2020 Aston Martin DBS GT Zagato set to join DB4 GT Zagato continuation

Aston’s pair of Zagato aces. New DBS GT set to join DB4 GT continuation. Words Richard Meaden. Images Aston Martin.

First glimpse of the new DBS Zagato, plus DB4 GT Zagato Continuation

While all eyes have been understandably turned towards Aston Martin Works’ meticulous continuation build of the DB4 GT Zagato, it has been easy to overlook the second and arguably more intriguing half of the £6m (plus taxes) DBZ Centenary Collection – the DBS GT Zagato.

DBS Zagato, plus DB4 GT Zagato Continuation

DBS Zagato, plus DB4 GT Zagato Continuation

After the early concept sketches, we’ve now been treated to a set of detailed renderings and even a scale model of the car, which show the latest collaboration between Aston Martin and Zagato in what is described as the ‘final production intent exterior’. As you can see, there’s certainly plenty to take in.

‘The DBS GT Zagato is very much its own car’

Given that its basis is the DBS Superleggera, you’d expect a certain degree of visual similarity, but whichever angle you view it from, the DBS GT Zagato is very much its own car. There are elements of the recent Vanquish Zagatos in the tail, most notably the fabulous splined tail lights and blade-like central panel, but the aerodynamic diffuser is much more pronounced.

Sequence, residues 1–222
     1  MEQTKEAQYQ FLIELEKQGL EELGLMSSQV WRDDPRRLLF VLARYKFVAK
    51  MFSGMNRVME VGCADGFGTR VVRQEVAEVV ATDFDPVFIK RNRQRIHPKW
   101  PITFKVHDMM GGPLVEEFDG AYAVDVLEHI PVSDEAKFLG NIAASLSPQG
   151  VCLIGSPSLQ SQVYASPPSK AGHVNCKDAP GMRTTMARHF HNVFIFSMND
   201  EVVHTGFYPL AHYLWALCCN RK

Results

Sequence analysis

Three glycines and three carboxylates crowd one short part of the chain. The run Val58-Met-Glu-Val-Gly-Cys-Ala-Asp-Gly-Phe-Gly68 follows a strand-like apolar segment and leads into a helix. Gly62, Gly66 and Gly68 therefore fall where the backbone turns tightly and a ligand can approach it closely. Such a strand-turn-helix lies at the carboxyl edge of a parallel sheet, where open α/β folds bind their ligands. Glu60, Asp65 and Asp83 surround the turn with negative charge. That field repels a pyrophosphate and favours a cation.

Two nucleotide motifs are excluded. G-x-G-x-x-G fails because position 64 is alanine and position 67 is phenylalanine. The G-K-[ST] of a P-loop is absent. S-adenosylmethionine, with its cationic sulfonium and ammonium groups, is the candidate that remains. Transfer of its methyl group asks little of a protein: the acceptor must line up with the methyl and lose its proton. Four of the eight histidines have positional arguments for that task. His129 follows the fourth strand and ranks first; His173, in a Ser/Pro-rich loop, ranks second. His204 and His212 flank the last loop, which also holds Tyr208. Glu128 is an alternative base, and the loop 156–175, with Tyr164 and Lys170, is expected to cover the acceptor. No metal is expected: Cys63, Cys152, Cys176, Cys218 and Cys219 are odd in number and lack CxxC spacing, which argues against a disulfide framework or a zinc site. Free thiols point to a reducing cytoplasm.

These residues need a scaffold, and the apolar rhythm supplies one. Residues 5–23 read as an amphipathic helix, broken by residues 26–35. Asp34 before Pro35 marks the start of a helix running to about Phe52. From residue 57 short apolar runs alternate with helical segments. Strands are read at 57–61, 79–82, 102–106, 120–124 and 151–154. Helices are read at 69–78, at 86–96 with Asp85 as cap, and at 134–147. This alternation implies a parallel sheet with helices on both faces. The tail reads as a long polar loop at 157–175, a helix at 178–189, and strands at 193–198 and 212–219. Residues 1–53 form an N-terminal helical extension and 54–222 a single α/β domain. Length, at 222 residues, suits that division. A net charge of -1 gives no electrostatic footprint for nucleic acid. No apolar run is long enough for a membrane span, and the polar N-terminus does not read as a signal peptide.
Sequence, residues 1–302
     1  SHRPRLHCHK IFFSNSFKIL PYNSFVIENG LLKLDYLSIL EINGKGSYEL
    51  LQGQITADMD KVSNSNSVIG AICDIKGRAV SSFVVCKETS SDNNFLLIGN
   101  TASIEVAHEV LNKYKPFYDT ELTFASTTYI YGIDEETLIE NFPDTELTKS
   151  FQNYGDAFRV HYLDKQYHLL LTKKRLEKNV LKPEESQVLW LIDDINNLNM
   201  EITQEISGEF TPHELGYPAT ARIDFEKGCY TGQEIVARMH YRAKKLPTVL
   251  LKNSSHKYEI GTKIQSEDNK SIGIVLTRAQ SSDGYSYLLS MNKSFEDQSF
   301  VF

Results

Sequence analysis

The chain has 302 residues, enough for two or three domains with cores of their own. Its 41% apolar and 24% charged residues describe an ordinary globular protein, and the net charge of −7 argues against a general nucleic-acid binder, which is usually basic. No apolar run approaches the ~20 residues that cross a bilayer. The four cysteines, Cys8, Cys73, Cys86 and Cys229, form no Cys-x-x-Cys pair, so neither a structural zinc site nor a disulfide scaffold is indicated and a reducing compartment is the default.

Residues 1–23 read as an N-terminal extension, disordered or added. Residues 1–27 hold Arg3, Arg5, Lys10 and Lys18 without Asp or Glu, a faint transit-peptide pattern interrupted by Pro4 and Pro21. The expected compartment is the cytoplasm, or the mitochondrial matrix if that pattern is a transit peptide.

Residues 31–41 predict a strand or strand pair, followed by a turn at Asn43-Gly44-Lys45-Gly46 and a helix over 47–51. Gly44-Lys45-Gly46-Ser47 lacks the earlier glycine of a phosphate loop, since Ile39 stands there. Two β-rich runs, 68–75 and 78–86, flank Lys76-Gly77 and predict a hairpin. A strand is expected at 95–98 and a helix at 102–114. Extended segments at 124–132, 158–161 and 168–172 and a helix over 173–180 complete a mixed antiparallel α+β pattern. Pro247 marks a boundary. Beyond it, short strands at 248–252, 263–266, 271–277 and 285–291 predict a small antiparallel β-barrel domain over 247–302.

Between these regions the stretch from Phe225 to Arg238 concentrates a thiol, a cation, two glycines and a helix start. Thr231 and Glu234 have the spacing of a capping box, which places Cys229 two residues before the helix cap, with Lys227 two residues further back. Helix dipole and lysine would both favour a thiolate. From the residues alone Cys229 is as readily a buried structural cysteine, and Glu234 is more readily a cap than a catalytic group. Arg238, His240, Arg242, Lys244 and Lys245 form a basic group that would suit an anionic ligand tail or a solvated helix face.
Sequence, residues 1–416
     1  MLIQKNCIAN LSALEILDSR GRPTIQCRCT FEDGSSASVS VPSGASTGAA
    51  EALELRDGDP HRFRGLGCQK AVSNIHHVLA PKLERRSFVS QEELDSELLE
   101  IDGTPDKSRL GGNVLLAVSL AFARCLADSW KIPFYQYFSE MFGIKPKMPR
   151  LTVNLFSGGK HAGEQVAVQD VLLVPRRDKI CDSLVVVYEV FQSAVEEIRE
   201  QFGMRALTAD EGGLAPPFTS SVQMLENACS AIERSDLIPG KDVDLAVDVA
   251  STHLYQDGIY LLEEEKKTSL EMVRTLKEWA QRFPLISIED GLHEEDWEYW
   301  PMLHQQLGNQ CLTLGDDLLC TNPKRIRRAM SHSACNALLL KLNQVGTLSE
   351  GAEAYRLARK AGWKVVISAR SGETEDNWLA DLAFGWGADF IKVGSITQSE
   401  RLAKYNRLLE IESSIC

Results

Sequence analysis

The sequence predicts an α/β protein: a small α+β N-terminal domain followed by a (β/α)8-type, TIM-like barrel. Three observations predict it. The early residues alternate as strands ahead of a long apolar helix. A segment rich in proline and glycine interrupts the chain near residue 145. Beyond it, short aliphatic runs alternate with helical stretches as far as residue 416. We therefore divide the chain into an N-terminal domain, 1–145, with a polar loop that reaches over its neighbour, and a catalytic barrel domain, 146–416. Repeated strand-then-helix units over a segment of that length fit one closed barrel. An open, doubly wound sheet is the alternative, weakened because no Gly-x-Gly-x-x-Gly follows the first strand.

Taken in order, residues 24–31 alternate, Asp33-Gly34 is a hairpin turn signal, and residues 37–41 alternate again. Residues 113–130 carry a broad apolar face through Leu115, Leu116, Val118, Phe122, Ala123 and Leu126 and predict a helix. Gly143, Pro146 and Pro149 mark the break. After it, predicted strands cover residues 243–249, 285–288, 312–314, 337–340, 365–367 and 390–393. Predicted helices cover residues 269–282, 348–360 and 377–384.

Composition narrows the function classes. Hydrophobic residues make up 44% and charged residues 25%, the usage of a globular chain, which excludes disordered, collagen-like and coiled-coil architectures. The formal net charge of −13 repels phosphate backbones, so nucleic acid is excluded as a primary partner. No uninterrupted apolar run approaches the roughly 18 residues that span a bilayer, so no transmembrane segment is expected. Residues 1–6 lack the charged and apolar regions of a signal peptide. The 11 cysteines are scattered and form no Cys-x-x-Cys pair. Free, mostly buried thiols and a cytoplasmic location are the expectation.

The roofline – complete with double-bubble contours, naturally – echoes that of the V12 Zagato, but this one-piece carbonfibre panel takes the iconic Zagato signature to the extreme by extending back to cover what would be the rear windscreen of the DBS.

This audacious move necessitates the use of a rearward-facing camera with a rear-view display screen mounted in the conventional position for a traditional rear-view mirror. For now this is all we know about the DBS GT Zagato’s interior.

The body’s flanks are heavily sculpted, with wide rear haunches swelling from a dramatically cinched waistline. There is no traditional Aston side-blade set into the front wheelarch, nor the more contemporary ‘curlicue’ aerodynamic vent. At least not as you’ll see it on the DBS. Instead, air exits the wheelarch and is channelled along the flanks by a stylized ‘bargeboard’ that extends from the rear of the front wheelarch to form the lower section of each front wing and the leading edge of the doors.

However, it is at the front where the most dramatic feature can be found: a ‘dynamic’ grille comprised of 108 individual diamond-shaped carbonfibre pieces, which remain flush to the grille’s surface when the car is stationary with the engine switched off. Upon start-up, these petal-like pieces flutter into life in a specially choreographed sequence before settling in their open position ready to feed the DBS GT’s hungry twin-turbo V12 with air.

It is, of coruse, impossible to make a definitive judgement on a car’s looks until you’ve seen it finished and in full-scale, but there’s something very exciting about this latest Zagato. And, lest we forget, it is based upon one of the very best cars Aston Martin has ever built. Performance figures are yet to be confirmed, but with somewhere between the standard DBS’s 715bhp and 750bhp, the new Zagato promises phenomenal performance to match its extraordinary looks.